Wild Sunsets, Wild Horses, and a Sense of Community

Town of Fountain Hills, AZ
Written by Marcus Rummery

Fountain Hills is a unique community – the town is centered around, and gets its namesake from, a spectacular fountain that reaches 560 feet. “The town was built to take advantage of the views throughout the entire area, including our iconic fountain, the Sonoran Desert and the McDowell Mountains,” says Mayor Linda Kavanagh, who, along with Town Manager Grady Miller and Economic Development Director Scott Cooper, spoke with us from Fountain Hills’ Town Hall.
The story of Fountain Hills is a distinct tale from the sun belt of the United States. A California developer, McCullough Properties Inc., bought a former cattle ranch of some 12,000 acres to build a “master planned” lakefront community. Disneyland designer Charles Wood Jr. designed the town around the world’s tallest fountain, which started flowing in 1972 to greet the town’s first residents. The community was incorporated in 1989 and today is home to more than 23,000 individuals.

Regionally, Fountain Hills is part of the 4.4 million greater Phoenix region, the sixth largest city in the U.S. “We have a small town atmosphere but with everything a major metro area has to offer; world class resorts, shopping, golf, sports, and the Quality of Life to match.”

Though originally conceived as a master planned community, Fountain Hills has developed with time, “into many internal master planned areas, each with its own distinct characteristics, taking advantage of the topography and especially the views of the surrounding mountains, the Valley, and the best sunsets you will ever see,” Mayor Kavanagh enthused.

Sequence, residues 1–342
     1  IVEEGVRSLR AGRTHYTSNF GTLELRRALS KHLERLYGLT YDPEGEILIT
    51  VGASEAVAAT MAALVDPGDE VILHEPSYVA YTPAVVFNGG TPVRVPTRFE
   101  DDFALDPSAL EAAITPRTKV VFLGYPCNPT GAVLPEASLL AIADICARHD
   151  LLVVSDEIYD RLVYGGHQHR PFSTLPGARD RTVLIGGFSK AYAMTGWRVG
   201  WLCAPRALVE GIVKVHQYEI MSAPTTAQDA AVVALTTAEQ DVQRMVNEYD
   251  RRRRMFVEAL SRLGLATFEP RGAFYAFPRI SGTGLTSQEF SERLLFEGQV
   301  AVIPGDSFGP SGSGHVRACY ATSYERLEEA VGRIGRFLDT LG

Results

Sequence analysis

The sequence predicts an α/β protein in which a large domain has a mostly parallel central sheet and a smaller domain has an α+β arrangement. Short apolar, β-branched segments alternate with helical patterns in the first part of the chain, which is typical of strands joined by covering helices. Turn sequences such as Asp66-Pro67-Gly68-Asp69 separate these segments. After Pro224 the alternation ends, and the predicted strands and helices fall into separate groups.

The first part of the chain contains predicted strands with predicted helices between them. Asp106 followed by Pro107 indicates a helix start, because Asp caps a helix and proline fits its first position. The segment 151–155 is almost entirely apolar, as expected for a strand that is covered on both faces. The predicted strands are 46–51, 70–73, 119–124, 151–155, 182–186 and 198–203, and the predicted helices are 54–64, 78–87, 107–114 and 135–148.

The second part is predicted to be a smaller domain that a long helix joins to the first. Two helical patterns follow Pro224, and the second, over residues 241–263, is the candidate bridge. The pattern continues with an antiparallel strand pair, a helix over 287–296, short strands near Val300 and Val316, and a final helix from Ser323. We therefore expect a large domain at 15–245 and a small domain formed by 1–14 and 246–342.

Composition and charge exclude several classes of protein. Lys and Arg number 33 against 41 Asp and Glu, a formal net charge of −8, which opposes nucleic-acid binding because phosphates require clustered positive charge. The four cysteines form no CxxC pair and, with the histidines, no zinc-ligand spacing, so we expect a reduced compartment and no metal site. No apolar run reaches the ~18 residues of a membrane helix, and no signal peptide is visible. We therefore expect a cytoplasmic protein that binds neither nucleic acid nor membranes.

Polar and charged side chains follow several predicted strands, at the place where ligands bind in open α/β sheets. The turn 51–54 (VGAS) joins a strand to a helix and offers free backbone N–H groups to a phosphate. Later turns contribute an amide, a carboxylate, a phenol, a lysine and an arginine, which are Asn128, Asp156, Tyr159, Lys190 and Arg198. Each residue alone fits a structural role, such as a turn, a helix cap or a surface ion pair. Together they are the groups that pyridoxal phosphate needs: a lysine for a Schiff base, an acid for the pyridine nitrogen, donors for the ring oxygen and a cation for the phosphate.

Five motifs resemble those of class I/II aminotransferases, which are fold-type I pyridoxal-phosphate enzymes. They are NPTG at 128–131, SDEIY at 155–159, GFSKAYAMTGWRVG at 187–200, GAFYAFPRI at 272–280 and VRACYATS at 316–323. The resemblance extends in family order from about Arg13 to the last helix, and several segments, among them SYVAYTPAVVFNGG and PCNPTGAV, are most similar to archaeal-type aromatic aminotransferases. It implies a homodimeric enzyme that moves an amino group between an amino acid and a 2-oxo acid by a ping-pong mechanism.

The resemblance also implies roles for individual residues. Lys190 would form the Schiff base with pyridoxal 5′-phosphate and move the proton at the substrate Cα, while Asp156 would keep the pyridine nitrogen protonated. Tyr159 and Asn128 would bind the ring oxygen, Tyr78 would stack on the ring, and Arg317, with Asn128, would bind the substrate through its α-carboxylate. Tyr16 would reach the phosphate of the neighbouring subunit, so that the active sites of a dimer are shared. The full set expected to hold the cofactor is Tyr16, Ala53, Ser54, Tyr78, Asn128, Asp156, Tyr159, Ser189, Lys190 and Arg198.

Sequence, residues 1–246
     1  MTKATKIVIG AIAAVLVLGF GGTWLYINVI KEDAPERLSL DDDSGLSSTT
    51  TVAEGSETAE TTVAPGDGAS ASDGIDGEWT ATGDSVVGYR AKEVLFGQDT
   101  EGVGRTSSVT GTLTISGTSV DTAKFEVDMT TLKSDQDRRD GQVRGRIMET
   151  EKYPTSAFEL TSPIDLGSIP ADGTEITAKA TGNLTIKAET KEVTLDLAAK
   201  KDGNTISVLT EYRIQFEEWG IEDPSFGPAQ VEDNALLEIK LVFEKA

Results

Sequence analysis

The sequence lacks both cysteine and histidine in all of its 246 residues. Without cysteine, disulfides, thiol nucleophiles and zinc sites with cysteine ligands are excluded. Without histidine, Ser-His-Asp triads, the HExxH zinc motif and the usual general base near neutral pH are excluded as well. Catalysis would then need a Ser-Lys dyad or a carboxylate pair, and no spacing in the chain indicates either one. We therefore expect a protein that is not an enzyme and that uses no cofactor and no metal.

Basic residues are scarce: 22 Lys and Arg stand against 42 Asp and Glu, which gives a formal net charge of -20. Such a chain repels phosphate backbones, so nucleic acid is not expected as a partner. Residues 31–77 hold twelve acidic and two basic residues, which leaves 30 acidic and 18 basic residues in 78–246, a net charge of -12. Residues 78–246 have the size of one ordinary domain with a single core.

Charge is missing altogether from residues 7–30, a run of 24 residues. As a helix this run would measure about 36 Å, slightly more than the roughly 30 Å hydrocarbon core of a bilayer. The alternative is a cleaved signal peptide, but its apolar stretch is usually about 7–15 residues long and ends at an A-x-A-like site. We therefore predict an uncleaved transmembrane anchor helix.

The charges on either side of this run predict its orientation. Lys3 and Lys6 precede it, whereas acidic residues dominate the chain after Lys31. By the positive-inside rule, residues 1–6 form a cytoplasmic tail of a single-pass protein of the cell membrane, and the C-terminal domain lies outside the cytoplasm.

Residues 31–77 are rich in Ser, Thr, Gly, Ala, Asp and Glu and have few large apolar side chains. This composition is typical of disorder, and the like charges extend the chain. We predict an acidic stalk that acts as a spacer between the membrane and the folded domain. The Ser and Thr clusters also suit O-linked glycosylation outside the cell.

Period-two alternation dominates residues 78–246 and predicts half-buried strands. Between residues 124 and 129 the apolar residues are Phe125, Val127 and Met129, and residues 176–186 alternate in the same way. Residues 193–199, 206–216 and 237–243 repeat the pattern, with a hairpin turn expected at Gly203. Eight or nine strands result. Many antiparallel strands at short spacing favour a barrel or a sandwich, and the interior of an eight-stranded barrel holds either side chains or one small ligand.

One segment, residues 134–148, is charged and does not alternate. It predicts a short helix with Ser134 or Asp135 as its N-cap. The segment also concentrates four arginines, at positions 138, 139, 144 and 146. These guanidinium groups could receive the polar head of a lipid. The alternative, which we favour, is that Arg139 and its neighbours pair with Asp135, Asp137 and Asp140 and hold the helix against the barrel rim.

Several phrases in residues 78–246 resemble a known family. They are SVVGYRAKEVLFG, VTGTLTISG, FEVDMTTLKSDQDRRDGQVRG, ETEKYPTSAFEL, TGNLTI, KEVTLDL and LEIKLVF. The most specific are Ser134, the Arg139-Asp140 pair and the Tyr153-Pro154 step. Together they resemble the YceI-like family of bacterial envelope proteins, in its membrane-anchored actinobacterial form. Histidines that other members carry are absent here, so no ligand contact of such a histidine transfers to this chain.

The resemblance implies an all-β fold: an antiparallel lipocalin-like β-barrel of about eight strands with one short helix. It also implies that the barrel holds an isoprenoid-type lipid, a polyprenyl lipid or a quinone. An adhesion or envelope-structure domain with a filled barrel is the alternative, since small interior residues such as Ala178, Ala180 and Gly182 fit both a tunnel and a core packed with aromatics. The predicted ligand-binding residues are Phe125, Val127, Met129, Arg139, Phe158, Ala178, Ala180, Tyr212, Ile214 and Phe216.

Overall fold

Over the years, complementing districts have been created within the town, “carved into the landscape, merging nature with civilization.”

Indeed, Fountain Hills has been recognized as one of the best places in Arizona to live and open a business. A diverse economy, an emphasis on sustainability, the provision of accessibility through land use, efficient delivery of services, ample housing options, a balanced budget, and citizen engagement are just some of the reasons why.

Living with nature
The principal reason for the town’s success, however, is undeniably its position at the nexus of desert and mountain, that creates a uniquely breathtaking place to call home. “We’re surrounded by our own valley and you can see mountain ranges on three sides. This is such a unique community to live in.” Nestled between the desert and the valley that contains greater Phoenix’s 4.4 million people, Fountain Hills also offers high-altitude hikes and trails. “We are situated in the McDowell Mountains, so when people drive through they are totally blown away by what they see.”

This stunning natural environment remains a key priority for town leaders and residents alike. Fountain Hills is home to 1,000 acres of preserve land in the McDowell Mountains in the western part of town. This preserve links with the Scottsdale preserve and McDowell Mountain Park, offering hiking trails with incredible views and miles of distinct trails. A new trailhead is under construction for the preserve within the Adero Canyon neighborhood.

To be sure, keeping the town as close to its original environment is a top priority. “Everyone who moves here has respect for the coyotes, javelinas and the wild horses that sometimes roam into Fountain Hills. Everybody loves the natural environment here.”

Being near the desert does have its challenges. Fountain Hills has taken a proactive, sustainable approach to the pressing concern desert dwellers have faced since the beginning of time – water. Three out of four parks and three out of four golf courses use reclaimed water for their irrigation. “Very few houses have grass on their front lawn. Generally it’s artificial grass, desert landscaping or xeriscape. We are in the desert so we want to reflect that. The whole mantra is sustainability, natural beauty and health.”